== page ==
Next to the Marcos dictatorship, the Arroyo presidency will likely go down in history as the government most vilified apparently due to its use of coercion and intimidation to silence its critics and its presumed enemies.
Its eighth year in power began in January with a threat against reporters that they will be haled to jail if they covered so-called "destabilizers" and also a bigger threat on cause-oriented organizations against holding rallies to commemorate Edsa Dos.
On Feb. 4, Jose de Venecia, Jr., a staunch Arroyo ally, was unceremoniously unseated as House speaker in a coup plotted by the president's husband, Jose Miguel Arroyo, her two congressmen-sons, and a business crony. De Venecia's ouster – where government funds were reportedly used to marshal the yes votes - was described as a family vendetta over De Venecia's refusal to stop his son, Joey III, from testifying in the Senate about the $330-million telecommunications project scam.
The son's testimony on the tainted project implicated the president's husband, former Comelec chairman Benjamin Abalos, and some generals in the Arroyo Cabinet. In a privilege speech on the night of the coup, De Venecia lambasted the chief executive for failing to stop assassination attempts by her own men against himself and his son.
De Venecia, 71, who had served as Speaker for five terms beginning 1992 in the 9th Congress, was instrumental in throwing out three impeachment complaints filed against Arroyo in connection with the fraudulent 2004 presidential elections and other constitutional violations. Like a true praetorian guard, he thus saved the president – who was once his vice-presidential mate in 1998 - from certain imprisonment. Now stripped of power and betrayed by Arroyo along with 56 members of his own Lakas-CMD, which he leads as party president, the ousted Speaker has promised to tell all of what he knows about the president and hinted he may likely join the opposition.
Then on Feb. 5, Rodolfo Noel Lozada, Jr., a key witness in the controversial national broadband network (NBN) telecommunications deal, went missing after arriving at the international airport from Hong Kong. Quick intercession by his family, senators, and religious groups coupled with media vigilance probably saved his life. In an early dawn news conference Feb. 7, the young Lozada anguished over death threats he said he received from Abalos for refusing to endorse the shady deal on account of the former Comelec chief's demand for a $130 million commission. He withdrew from the project deliberations as a consultant and has also resigned as president of the state-owned Philippine Forest Corporation. Lozada, who had a brother killed by the police for "mistaken identity," said he was just a professional doing his job and wanted no part in the scam. The deal has since been scrapped by Arroyo.
Arroyo's claims of giving the country an unprecedented economic growth have failed to lower the president's rating as the most corrupt in decades, with a culture of cronyism that equals the Marcos years, and a record of extra-judicial killings that has raised alarm in the international community.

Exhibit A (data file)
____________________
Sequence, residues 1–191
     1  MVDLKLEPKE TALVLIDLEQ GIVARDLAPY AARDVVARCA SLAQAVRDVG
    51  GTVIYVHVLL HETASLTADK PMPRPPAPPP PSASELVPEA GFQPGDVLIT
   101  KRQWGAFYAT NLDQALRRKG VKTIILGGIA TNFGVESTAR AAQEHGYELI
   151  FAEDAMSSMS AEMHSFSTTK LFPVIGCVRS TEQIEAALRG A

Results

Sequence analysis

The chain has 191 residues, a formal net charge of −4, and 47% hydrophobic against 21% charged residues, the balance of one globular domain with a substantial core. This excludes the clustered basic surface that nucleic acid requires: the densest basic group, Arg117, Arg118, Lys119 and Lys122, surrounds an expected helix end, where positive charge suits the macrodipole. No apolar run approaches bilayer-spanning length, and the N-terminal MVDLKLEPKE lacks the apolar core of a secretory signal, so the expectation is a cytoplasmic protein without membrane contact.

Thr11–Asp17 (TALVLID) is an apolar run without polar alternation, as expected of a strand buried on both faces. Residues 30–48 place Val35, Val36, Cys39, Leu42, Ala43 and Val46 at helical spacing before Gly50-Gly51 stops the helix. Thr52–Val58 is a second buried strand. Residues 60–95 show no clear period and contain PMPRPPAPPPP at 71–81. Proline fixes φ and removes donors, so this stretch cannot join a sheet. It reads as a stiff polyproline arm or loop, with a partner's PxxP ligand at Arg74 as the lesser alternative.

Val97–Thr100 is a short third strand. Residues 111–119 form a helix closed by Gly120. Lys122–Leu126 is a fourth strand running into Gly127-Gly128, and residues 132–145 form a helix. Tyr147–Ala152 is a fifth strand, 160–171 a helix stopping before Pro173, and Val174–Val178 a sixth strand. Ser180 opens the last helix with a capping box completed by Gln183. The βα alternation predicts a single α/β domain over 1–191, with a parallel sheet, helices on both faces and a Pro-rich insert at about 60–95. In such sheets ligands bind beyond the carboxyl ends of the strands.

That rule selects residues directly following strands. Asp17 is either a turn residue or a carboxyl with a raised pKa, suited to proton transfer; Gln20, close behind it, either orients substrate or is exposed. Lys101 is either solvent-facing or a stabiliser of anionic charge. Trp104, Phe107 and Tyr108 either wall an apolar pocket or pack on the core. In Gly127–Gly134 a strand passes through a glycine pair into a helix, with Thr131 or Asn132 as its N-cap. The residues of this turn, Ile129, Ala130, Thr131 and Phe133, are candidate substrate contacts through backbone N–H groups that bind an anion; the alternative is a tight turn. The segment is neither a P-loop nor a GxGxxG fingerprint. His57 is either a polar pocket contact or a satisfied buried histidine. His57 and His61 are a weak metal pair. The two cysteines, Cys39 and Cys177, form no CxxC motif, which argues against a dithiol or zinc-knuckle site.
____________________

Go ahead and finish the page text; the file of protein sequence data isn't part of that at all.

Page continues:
Continuing to hound Arroyo are allegations of illegitimacy as a result of which it suffers a lack of trust and credibility among the people. In response to impeachment complaints and incessant calls for her resignation, the president, in an arrogant display of power, has resorted to gangland-style coercion, authoritarian measures, and military repression including threats of arrest and, as condemned by human rights groups, the summary execution and abduction of her most effective critics from the Left.
Under Arroyo, rule of law and due process are followed in the breach. Complaints against the president in the House are shot down through a tyranny of numbers and bribery while in the Senate investigations of the wrongdoings of the president, her family, and cronies are stymied by executive orders preventing Cabinet officials and generals from cooperating. Ever protective of their commander-in-chief, military authorities defy judicial authority on cases of missing persons, despite a long-delayed legal intervention by the Supreme Court.
Arroyo has thus tainted the office of the presidency and the electoral process, violated the independence of Congress, deepened the people's lack of trust in the justice system, and made the AFP her own private army.
Patronage, maintained through the control and disbursement of pork barrel, preferential treatment in multi-million projects, as well as high salaries, promotions, and other perks has also helped ensure Arroyo's stay in power. Bribery knows no bounds so that even key members of the Catholic hierarchy have been effectively "neutralized" from criticizing the president.
The last time the people saw the scourge of conjugal dictatorship was during the Marcos years. Today the Arroyo family is not only the fastest-growing ruling dynasty in the country but it is also embroiled in monumental cases of corruption and abuse of political power. The last of such cases is of course the NBN scam where the fixation to defend dynastic interests comes first even at the expense of long-time allies and presidential appointees, like Lozada.
The unseating of De Venecia and the abduction of Lozada has stirred calls anew for the president to quit – or at least to take a leave of absence - to give investigators of alleged presidential wrongdoings a free hand. For such a clamor to prosper, the people may have to transcend the reign of fear that has been sown under seven years of the Arroyo presidency and save the country from further harm.
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Director, Policy Study, Publication and Advocacy (PSPA)
Center for People Empowerment in Governance (CenPEG)
TelFax +63-2 9299526; mobile phone: 0915-6418055
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